Like many people, I have a WordPress blog, and I ask my readers to identify themselves when they post comments by authorizing WordPress to access their Facebook or Twitter profiles. This helps me filter out anonymous trolls and spammers.
But it is an option not all users appreciate. Twitter user @herminones reached out to me, saying:
Oleg, I would have liked to comment on your most recent blog but for the pre-requisite Wordpress Faustian contract
The option to rely on Facebook or Twitter is not unique to WordPress. Authentication, authorization and password management are some of the key APIs of any useful application. As a result, many apps authenticate via Facebook, Twitter, or another third-party identity provider.
Relying on the social media giants helps both users and application developers. Users don't need to create yet another account and remember yet another set of credentials (my 1Password vault already has 176 entries in it). Application developers can skip implementing authentication, identity and password management.
However, relying on a third-party identity service such as Facebook or Twitter also has its downsides. The application developer must make an assumption that the user has an account with those systems. The developer also must take it for granted that the third-party system is stable and reliable.
This isn't always the case -- in April 2009, Twitter OAuth was temporarily disabled. It took 48 hours for it to come back online. Meanwhile, dozens of third-party apps did not work. Thousands of users could not use the apps they paid for. What made matters worse was Twitter's lack of communication with the application developers.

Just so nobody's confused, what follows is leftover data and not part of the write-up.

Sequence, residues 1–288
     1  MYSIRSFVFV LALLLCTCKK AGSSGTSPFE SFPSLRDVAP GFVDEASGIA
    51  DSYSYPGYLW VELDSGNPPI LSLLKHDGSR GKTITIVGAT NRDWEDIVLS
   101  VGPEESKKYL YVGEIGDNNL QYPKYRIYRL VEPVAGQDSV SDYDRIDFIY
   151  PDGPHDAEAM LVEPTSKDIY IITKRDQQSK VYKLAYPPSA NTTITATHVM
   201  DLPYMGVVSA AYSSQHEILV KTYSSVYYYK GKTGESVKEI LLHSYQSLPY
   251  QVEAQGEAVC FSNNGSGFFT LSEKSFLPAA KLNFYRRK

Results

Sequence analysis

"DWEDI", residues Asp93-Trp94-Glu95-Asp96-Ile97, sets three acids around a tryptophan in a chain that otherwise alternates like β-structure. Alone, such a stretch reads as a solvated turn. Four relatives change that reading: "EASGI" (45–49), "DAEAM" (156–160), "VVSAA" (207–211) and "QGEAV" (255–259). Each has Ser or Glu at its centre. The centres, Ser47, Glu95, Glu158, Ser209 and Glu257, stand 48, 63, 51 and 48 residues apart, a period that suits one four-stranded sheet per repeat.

In another example, consider the March 2015 Boomerang outage:
Hey folks - Google had an OAuth outage this morning that blocked Boomerang from working for about 1 hr. We’re working through your emails!- Boomerang (@baydin) March 5, 2015
The app developers must also assume that whatever third-party identity provider they choose will continue to be used and trusted by users in the future. Andy LeMay, senior experience design lead at Adobe, wrote on Quora:
One thing to keep in mind is that when you rely on a third-party system in such a way, you're also making the assumptions that the user has an account with that system, that the system is stable and trustable, and that the system will be relevant and used as much or more so than your own site into the future.
(if you saw a "Log-in with Myspace" badge on a site today, what would you think?)
One possibly alternative is some central identity provider allowing the users to maintain a single set of credentials. After all, my phone company knows who I am and so does my broadband provider. But this idea would place the responsibility for security onto entities that historically are untrustworthy. It would also limit the choice and create a single point of failure for the entire Internet.
OpenID Connect lets developers authenticate their users across websites and apps without having to own and manage password files. For the app builder, it provides a secure, verifiable answer to the question: "What is the identity of the person currently using the browser or native app that is connected to me?"
Even with OpenID, it is important to let users log on and use the app even if the identity provider is down. The prudent choice is to offer traditional password-based authentication alongside the OpenID login.
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